Editor's Note: This article originally appeared on Radio Free Europe/Radio Free Liberty.
The death toll from mass protests in Iraq against corruption and unemployment has risen to 18 as turmoil spreads to the south of the country.
Iraqis took to the streets for a third day on October 3 despite local curfews and police using tear gas and even live fire, in the biggest challenge yet to Prime Minister Adel Abdel Mahdi's government.
Authorities ordered a ban on all movement across the capital starting at 5 a.m., but dozens of protesters defied the order and gathered in Baghdad's Tahrir Square.
The rallies started in Baghdad on October 1, but have since spread to cities across the mainly Shi'ite south.
Medics and security sources said four protesters were shot dead in the southern city of Amarah and another in the province of Dhi Qar.
The new killings bring the overall toll from three days of protests to 18, including one police officer. More than 600 protesters and security personnel have been wounded, according to medical sources.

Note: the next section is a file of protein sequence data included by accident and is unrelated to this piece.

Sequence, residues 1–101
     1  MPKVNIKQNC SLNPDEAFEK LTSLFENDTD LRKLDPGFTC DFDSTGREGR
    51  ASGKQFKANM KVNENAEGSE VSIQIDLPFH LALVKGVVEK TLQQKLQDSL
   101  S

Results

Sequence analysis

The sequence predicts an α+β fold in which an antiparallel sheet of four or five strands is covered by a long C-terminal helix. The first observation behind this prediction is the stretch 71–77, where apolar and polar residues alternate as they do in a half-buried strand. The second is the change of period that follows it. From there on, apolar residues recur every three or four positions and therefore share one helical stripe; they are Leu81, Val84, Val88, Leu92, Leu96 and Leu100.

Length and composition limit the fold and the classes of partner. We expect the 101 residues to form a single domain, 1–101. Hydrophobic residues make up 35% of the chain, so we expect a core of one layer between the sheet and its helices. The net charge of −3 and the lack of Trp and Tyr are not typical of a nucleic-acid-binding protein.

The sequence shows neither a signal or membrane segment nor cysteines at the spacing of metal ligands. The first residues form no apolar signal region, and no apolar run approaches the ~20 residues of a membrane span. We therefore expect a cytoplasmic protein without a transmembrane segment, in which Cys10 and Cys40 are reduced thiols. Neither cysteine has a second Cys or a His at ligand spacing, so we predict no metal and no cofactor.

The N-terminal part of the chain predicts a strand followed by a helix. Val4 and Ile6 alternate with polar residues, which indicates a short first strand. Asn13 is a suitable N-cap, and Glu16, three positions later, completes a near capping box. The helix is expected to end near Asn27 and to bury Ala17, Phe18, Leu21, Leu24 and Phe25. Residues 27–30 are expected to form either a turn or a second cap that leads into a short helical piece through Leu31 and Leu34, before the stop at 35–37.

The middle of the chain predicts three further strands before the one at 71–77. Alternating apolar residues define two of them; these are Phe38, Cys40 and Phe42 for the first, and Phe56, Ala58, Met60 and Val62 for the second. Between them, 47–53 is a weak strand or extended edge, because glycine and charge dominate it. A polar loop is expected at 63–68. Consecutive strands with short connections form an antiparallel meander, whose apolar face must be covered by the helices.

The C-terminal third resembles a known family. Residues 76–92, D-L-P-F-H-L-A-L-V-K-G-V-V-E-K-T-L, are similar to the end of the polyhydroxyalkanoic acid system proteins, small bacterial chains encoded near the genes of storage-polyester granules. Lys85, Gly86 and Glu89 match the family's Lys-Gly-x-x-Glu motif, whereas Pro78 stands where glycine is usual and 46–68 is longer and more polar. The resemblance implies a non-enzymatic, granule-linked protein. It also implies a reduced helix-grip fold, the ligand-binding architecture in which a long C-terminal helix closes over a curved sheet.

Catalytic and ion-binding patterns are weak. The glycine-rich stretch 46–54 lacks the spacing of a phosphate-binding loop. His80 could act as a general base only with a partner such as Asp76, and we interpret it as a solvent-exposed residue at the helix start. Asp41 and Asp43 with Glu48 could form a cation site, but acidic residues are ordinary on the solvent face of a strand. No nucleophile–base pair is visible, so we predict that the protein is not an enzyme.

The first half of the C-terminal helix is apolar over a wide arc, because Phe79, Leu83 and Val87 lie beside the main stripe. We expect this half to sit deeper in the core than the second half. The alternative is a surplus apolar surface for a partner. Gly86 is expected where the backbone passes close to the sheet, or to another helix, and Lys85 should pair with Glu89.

Tensions have been amplified by a near-total Internet blackout, the closure of government offices in Baghdad, and calls by firebrand Shi'ite cleric Muqtada al-Sadr for "a general strike."
A double blast hit the Green Zone before dawn on October 3, security sources said. Embassies and some ministries are located in the heavily fortified Green Zone, which was struck by two rockets last week.
The apparent attack came hours after the authorities sealed off the Green Zone "until further notice," out of concerns that angry protesters would overrun it.
In Kut, a city some 160 kilometers southeast of Baghdad, two demonstrators were killed overnight after they tried to storm a local government office, medics and security sources said.
Two more protesters were killed in Nasiriyah, some 350 kilometers south of Baghdad, which has so far seen the deadliest rallies with a total of eight protesters and one police officer killed.
Riot police have used water cannons, tear gas, rubber bullets, and live ammunition in an attempt to force protesters away from main squares or government buildings.
Approximately 75 percent of Iraq is "offline" after major network operators "intentionally restricted" access, according to cybersecurity monitor NetBlocks.
With Internet access virtually shut off, protesters have had difficulties communicating with each other or posting footage of the latest clashes.
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